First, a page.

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Ecological basis for river habitat and in-stream flow management

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					      Case study 11


      Ecological basis for river habitat and
      in-stream flow management



                                     suMMaRy

date of evaluation: June 2005


duration and projects:

The projects analysed that were supported by Land & Water Australia (LWA) were GRU10
(1993–94 to 1997–98), GRU18 (1995–96 to 1996–97) and GRU22 (1996–97).



Nature of innovation:

The three projects analysed in this case study produced scientific knowledge on in-stream
ecology and its interaction with flow regimes in Queensland waterways; as well as important
information on a range of techniques for allocating water for environmental use.



Who was involved:

The Centre for Catchment and In-Stream Research at Griffith University carried out the three
projects. In addition to funding from LWA, resources were also contributed by the Queensland
Department of Primary Industries and Fisheries.


adoption and impact:

The scientific knowledge has been widely incorporated into decision-making processes
on environmental allocation of water, as well as into monitoring programs with respect
to aquatic ecosystem health. Specific examples include its use in the development of the




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      Environmental Health Monitoring Program of the south-east Queensland Healthy Waterways
      Program; and the incorporation of the science and techniques for determining environmental
      flows into the Queensland water resource planning process.


      evaluation:

      A benefit–cost analysis for the investment in the three Griffith University projects was carried
      out through valuing benefits from an improvement in water quality outcomes in south-east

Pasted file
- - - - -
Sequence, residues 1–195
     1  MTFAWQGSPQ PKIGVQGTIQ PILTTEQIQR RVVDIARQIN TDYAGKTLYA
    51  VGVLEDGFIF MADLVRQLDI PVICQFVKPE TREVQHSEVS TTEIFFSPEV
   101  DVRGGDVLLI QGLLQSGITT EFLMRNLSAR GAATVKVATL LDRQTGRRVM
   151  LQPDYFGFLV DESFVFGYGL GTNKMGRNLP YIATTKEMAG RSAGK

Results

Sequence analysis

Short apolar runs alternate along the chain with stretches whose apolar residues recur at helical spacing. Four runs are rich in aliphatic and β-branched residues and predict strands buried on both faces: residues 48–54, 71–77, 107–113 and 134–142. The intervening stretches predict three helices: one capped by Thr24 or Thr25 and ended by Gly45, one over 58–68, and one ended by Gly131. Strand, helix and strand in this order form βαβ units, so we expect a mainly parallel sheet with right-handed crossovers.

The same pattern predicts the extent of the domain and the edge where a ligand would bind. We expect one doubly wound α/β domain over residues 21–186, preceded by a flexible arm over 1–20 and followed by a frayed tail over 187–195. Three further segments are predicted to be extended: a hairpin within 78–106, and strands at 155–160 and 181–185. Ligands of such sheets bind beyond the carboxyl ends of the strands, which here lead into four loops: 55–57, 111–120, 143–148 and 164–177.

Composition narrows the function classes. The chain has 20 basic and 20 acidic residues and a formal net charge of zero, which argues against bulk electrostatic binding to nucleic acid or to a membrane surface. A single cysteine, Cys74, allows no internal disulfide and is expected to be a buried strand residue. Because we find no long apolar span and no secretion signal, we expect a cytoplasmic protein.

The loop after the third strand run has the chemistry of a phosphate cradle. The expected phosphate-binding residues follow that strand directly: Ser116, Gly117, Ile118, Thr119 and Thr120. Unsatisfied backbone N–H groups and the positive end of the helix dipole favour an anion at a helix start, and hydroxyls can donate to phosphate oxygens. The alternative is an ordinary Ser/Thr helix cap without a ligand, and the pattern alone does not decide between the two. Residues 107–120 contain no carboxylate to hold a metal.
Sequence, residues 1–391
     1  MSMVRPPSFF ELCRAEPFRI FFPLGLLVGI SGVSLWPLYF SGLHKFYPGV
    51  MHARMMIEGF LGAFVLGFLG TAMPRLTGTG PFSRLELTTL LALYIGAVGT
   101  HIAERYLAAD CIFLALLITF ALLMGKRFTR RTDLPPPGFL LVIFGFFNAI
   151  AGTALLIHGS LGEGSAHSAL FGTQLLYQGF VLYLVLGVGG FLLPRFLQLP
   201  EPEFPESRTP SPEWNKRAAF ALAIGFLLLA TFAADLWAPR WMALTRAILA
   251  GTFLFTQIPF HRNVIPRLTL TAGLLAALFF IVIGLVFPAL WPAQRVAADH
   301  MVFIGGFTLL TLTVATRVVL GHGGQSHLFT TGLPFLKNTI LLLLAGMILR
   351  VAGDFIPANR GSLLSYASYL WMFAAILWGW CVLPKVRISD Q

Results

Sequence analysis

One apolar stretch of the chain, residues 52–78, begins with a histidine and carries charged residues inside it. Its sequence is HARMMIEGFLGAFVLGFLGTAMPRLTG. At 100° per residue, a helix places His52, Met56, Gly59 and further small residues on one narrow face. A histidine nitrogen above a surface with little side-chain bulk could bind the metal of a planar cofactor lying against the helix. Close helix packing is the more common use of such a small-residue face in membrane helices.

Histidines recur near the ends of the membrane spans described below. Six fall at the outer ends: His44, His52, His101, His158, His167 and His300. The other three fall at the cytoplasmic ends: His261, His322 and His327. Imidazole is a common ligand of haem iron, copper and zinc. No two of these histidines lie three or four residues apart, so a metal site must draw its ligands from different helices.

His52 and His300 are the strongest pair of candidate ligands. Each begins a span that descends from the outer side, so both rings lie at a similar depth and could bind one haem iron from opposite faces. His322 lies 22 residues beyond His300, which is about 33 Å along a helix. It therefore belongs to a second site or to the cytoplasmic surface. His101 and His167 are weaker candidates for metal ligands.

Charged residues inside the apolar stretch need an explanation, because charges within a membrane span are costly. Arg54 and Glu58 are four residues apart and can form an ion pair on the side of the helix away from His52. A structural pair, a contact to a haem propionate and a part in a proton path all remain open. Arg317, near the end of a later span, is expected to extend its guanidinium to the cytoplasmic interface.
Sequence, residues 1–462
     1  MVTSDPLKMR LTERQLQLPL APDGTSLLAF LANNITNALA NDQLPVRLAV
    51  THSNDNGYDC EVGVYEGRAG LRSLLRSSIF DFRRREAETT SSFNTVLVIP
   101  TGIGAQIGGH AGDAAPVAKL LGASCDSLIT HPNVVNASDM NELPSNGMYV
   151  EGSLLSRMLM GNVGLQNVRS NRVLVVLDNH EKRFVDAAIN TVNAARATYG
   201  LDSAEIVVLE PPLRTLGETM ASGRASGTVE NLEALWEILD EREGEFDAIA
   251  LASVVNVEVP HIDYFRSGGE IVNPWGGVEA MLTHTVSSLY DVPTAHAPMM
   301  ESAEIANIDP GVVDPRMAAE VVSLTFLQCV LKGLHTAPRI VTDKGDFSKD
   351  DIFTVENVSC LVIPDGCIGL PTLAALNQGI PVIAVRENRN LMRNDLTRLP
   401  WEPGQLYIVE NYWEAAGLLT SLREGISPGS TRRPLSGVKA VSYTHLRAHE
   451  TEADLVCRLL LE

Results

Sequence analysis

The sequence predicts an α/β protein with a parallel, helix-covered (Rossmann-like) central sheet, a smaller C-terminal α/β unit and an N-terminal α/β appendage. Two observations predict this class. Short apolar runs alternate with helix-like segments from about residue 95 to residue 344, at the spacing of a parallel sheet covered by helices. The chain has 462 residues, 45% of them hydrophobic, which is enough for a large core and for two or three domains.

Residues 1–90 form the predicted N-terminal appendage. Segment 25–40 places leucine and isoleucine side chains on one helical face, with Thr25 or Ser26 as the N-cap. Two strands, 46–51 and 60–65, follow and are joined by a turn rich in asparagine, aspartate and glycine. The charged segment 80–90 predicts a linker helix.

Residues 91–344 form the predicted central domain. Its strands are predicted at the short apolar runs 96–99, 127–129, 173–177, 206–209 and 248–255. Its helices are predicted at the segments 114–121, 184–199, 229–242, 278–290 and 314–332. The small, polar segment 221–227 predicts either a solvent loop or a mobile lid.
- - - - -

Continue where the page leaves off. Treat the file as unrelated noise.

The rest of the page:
Queensland due to improved monitoring processes; as well as the benefits from a more
      transparent and scientific process for water resource allocation in Queensland. Willingness-
      to-pay estimates for improved water quality and improved equity in water allocation outcomes
      were used as key assumptions in valuing the benefits.



      Investment criteria

      The results of the investment analysis21 were:

       Criterion                                                    discount rate 6%

                                               Benefits to date      all benefits and      Benefits to LWa
                                              only and all costs         all costs          and LWa costs

       Present value of benefits ($m)                1.22                  5.17                  2.69

       Present value of costs ($m)                   3.08                  3.08                  1.60

       Net present value ($m)                        –1.87                 2.09                  1.09

       Benefit:cost ratio                          0.39 to 1             1.68 to 1             1.68 to 1

       Internal rate of return (%)                 Negative                10.26                 10.29




      Current contact: